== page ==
The current flood moving down the Mississippi is going to stress this system to near its limit.  Here’s a version of that map with the current flow rates, with the approximate expected coming flood shown at the top:

This is based on the diagram at the ACOE Mississippi River page, which is updated daily with new flow rates.

The floods above the system are expected to crest 6′ higher than in the 1927 flood, the highest in recorded history, and 7′ higher than the 1973 flood that almost destroyed the ORCS.  Here’s the gauge just above the structure as of noon on May 8th:

The current Natchez gauge can be seen here.

The Morganza spillway has only been opened once (to take the stress off the failing ORCS in 1973), and then only partly. It’s fairly clear at this point that the Morganza spillway and the Bonnet Carré spillway will both be fully opened to route the flow away from New Orleans (which is expected to crest just a few feet below the tops of the levees there).

I have no idea how likely the Old River Control and Morganza structures are to fail, or whether a rerouting of the Misssissippi through a new channel would be irreversible.  You can read some speculation on this here.

Additional resources:

Wunderground blogger Barefootontherocks maintains a page full of resources on the current Mississippi flood, and there’s a lot of information in the comments.  The excellent Jeff Masters will probably have a post on the subject in the next few days. You can see more gauges and a ton of information at the NWS page on the lower Mississippi.

Michael Bay can be reached here.

Radiation Chart Update

Ellen and I made our radiation chart in the early days of the Fukushima disaster. I intended it to provide context for radiation exposure levels reported in the media.  I included a few example doses from monitoring sites around Fukushima (the only ones I could find at the time). But our main goal was to give people a better understanding of what different radiation levels meant.  It wasn’t a guide to what was happening at Fukushima because neither of us had hard data on that.

I’ve recently corrected a few things on the chart (the old version is available here). In particular, I’ve changed the mammogram dose from 3 mSv to 0.4 mSv, based on figures from this paper.  The other figures seem to hold up, and I’ve made only small corrections elsewhere.  I’ve added a few more Fukushima-related doses where I could find data, but they’re examples only—not full coverage of the effects.  Specifically, I added total exposure figures over the weeks following the accident for Tokyo, a typical spot in the Exclusion Zone, and a station place on the northwest edge of the zone that got a particularly heavy dose. Those data came from here (Google cache of now-dead MEXT page) and here.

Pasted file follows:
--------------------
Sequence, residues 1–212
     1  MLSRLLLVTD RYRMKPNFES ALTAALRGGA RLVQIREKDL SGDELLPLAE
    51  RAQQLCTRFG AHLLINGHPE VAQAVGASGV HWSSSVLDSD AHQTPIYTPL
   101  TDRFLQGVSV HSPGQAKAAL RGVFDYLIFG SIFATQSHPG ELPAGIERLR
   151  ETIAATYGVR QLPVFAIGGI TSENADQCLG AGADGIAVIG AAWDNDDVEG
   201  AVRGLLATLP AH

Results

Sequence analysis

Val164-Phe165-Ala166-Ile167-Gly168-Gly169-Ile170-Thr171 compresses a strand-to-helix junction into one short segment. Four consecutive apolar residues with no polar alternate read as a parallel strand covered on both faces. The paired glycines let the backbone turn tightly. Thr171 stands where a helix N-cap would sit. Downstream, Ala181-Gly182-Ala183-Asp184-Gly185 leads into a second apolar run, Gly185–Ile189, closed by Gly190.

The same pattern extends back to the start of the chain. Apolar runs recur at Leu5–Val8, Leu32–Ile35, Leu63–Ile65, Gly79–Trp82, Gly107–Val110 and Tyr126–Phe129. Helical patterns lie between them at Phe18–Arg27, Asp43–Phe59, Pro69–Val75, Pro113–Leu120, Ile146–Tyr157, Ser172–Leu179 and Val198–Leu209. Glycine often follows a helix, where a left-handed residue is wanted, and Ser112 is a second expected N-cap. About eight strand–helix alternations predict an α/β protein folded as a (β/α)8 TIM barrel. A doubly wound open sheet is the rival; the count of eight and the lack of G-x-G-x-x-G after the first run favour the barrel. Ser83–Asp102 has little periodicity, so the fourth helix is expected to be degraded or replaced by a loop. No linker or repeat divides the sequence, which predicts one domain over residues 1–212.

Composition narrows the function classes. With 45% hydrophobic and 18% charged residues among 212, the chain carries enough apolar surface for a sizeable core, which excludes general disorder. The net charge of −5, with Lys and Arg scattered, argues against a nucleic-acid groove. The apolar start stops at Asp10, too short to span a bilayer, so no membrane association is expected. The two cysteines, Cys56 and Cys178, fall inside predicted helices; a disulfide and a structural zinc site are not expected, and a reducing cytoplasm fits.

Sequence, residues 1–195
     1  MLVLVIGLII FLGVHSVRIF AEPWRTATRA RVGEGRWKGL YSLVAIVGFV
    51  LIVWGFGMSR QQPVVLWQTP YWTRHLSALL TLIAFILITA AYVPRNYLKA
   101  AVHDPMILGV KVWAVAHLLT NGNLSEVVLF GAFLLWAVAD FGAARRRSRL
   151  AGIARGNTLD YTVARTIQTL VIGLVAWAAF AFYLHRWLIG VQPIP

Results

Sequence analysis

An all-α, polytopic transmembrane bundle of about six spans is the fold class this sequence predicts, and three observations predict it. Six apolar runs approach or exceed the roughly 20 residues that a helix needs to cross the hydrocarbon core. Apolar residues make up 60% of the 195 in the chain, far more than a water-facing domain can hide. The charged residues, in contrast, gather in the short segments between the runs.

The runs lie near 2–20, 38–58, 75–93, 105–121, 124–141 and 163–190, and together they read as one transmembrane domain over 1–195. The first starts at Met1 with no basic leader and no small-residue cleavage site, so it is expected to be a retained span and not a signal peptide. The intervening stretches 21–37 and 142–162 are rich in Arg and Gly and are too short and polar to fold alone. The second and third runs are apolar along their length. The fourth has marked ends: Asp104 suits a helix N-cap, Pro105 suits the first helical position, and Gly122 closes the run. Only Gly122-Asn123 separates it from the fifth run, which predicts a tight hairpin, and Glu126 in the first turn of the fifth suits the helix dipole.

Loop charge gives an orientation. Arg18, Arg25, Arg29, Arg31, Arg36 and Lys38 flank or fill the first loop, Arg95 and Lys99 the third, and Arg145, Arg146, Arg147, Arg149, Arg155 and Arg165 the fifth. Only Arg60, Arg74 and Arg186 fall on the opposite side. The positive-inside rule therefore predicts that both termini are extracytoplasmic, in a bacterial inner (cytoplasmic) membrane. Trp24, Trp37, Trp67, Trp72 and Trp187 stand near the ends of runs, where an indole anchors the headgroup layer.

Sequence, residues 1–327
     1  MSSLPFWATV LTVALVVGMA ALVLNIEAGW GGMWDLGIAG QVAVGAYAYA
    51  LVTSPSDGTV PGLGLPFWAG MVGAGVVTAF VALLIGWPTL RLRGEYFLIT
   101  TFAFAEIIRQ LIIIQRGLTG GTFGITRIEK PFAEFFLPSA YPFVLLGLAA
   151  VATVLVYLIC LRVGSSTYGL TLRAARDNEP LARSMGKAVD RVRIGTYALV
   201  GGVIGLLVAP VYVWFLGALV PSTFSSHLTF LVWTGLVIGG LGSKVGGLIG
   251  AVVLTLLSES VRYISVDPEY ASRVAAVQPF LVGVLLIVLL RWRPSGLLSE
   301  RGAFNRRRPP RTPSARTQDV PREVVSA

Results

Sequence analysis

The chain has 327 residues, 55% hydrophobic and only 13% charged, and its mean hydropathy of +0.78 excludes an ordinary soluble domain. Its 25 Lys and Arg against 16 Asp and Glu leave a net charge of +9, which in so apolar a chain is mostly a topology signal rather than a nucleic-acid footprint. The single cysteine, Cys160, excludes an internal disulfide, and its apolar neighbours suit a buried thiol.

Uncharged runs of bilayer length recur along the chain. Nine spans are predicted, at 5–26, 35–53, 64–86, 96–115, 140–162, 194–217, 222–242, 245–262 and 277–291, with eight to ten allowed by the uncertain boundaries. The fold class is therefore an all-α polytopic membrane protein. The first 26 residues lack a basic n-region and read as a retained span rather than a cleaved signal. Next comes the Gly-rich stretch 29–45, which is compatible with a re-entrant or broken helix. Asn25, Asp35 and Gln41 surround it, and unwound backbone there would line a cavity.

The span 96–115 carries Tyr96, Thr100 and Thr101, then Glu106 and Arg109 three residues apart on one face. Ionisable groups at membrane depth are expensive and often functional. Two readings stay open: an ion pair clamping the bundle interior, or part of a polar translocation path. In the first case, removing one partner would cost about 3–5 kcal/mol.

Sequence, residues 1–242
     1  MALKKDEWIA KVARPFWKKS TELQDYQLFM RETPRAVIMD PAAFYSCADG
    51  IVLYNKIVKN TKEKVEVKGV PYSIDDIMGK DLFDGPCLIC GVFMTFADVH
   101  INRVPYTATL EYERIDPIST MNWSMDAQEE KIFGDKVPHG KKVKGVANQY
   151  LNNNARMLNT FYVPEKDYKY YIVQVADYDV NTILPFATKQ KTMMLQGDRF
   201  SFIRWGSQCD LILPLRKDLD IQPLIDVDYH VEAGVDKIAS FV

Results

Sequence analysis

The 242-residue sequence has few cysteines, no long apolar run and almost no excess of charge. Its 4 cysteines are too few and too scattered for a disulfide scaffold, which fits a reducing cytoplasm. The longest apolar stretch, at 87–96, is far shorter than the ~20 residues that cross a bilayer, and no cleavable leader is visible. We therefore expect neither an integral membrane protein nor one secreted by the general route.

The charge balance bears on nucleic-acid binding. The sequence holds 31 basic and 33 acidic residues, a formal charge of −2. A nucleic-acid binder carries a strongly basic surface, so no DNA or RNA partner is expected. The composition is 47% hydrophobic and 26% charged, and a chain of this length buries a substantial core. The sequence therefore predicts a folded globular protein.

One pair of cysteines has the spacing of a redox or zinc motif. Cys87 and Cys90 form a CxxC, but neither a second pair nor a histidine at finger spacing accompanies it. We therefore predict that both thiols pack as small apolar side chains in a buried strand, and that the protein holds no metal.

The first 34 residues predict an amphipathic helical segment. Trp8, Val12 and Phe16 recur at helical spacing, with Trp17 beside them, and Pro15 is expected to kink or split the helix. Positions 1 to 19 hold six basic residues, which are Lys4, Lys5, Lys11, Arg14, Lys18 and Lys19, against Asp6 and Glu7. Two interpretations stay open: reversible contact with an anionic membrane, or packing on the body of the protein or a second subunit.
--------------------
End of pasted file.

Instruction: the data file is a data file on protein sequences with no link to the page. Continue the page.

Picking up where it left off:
Unfortunately, the disaster has progressed beyond simple radiation releases—there’s some amount of contaminated water, and radioactive material potentially getting in food. When radioactive material is ingested, the effects get a lot more complicated, and depend on what isotopes are there and how they’re processed by the body. Ellen’s page has a bit more information about that.

For reliable information on what’s happening in Japan, including discussions of the contamination levels, there are two sites Ellen and I recommend. One is the MIT Nuclear Science and Engineering hub, which posts periodic articles explaining aspects of the disaster, and the other is the International Atomic Energy Agency’s Fukushima Accident Update Log, which has detailed measurements from a variety of sources.

Note: Some people questioned the side-by-side comparison of short- and long-term doses.  It’s true that they’re not always the same, and I mentioned this in the intro note on the chart. Combining the two sacrificed precision for simplicity, but I don’t think it was a huge stretch—most regulatory dose limits are specified in terms of a total yearly (or quarterly) dose, which is a combination of all types of exposures.  And for those low doses, the comparison is pretty good; the place duration becomes important is up in the red and orange zones on the chart.